FSA Imposed £247,324 Fine on Standard Bank for “Serious Regulatory Failings”
The Isle of Man Financial Services Authority (IOMFSA) has imposed EUR 247,324 fine on Standard Life Bank Isle of Man for “serious regulatory failings”.
The IOMFSA ordered the bank to pay the discretionary civil penalty, imposed under section 16 of the Act and in accordance with the FSA regulations 2015 of EUR 353,320 discounted by 30% to EUR 247,324. However, the level of regulatory action reflects that the bank cooperated with the regulatory authorities and agreed on their terms at an early stage, through incorporating IOMFSA’s Enforcement Decision-Making Process.
According to the investigations, authorities assured that the regulatory failings were isolated in nature rather than being spread across the business. The bank has effectively brought up significant changes in its operations, in an effort to overcome the shortcomings identified by the FSA. In addition to this, Standard bank found out in April 2021, that they had breached the terms of a Restraint Order issued by the Isle of Man Courts pursuant to the Proceeds of Crime Act 2008. “The Court order restrained, inter alia, the disposal, diminution, removal from the jurisdiction of and dealing with, money associated with suspected bank accounts in the name of a customer of Standard bank.”
The bank instantly notified the financial authority under Anti-Money Laundering and Countering the Financing of Terrorism regulation and the Financial Services Rule Book 2016.
The court order breach involved two stages: allowing the flagged customer accounts to transfer funds within Standard, and processing instruction from the restricted client for further transfer funds out of Isle of Man jurisdiction, albeit to another Standard Bank group entity. However, upon reviewing the Standard notification, determined that it should further investigate Standard’s compliance with AML/CFT regulations. The commencement of inquiries was notified to the bank in May 2021.
After this, Standard submitted a comprehensive report to FSA, following its in-house investigations. Standard continued to determine the source of the breach and kept on sharing the finding with the financial watchdogs. In its conclusion, the Financial Service Authority said that the bank needs to apply “locks” either against restricted customers or suspected accounts. Such locks will be designed to health the financial services and to prevent unlawful transaction processing.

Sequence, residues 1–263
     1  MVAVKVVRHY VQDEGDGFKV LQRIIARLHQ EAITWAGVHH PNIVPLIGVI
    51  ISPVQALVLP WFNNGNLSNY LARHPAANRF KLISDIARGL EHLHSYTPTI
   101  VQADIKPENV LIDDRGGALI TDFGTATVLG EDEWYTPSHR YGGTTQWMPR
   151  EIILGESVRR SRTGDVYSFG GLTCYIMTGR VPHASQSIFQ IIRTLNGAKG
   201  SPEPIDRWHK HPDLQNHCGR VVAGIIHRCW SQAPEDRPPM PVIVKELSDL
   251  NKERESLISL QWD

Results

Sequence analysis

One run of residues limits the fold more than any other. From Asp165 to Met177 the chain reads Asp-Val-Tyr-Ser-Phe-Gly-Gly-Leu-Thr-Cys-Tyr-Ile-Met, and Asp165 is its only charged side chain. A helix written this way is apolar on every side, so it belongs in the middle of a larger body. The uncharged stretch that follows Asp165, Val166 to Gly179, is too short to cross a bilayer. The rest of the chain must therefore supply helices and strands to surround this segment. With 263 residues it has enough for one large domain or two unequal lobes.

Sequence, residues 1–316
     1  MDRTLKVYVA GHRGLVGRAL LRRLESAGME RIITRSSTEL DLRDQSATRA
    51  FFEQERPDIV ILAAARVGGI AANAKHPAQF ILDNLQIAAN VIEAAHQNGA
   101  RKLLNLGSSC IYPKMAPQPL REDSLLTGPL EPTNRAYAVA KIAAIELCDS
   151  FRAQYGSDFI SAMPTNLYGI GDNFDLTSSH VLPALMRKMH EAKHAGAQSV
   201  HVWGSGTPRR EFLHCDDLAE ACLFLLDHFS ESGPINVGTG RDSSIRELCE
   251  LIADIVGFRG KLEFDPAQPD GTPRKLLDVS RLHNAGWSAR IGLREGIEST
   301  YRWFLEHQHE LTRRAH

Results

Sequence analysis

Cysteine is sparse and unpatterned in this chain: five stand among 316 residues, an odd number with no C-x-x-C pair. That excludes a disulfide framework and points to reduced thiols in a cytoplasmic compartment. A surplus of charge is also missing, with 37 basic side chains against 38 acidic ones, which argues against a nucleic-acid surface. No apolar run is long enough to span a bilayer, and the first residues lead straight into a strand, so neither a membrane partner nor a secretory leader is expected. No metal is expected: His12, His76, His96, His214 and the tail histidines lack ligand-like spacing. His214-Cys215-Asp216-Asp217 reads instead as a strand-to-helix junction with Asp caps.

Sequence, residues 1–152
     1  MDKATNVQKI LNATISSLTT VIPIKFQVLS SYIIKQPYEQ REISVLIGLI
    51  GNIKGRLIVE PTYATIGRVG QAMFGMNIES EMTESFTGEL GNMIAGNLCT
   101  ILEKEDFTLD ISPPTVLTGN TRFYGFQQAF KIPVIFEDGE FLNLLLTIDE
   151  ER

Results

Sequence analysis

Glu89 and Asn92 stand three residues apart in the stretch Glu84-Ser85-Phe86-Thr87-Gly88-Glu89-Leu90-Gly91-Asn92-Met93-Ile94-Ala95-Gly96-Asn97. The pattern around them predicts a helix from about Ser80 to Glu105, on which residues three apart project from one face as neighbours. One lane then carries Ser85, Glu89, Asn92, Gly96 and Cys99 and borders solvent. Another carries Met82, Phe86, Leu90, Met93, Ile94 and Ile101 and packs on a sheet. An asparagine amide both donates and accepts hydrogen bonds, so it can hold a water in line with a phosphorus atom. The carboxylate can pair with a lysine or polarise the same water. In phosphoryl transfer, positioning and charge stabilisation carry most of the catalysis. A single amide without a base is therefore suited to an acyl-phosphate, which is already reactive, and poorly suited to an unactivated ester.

Other than this, the regulatory failing resulted in various breaches of Financial Services Rule Book 2016 by Standard:; “A breach of Rule 6.1 of the Rule Book in that Standard did not act with due skill, care, and diligence in carrying on a regulated activity; A breach of Rule 6.5 of the Rule Book in that Standard carried on business in a way likely to bring the Island into disrepute or damage its standing as a financial center; and A breach of Rule 8.3(2) of the Rule Book. This Rule requires that “The responsible officers of a license holder must establish and maintain appropriate internal and operational controls, systems, policies and procedures relating to all aspects of its business to ensure appropriate safeguards to prevent and detect any abuse of the license holder’s services for money laundering, financial crime, the financing of terrorism, or the proliferation of weapons of mass destruction”.
However, some failures also resulted in breaking AML and CFT Code 2019. Combining all these breaches, the Standard Bank Isle of Man was sanctioned with a civil penalty. But the bank has ensured to follow the criminal proceedings and to make efforts to overcome shortcomings.
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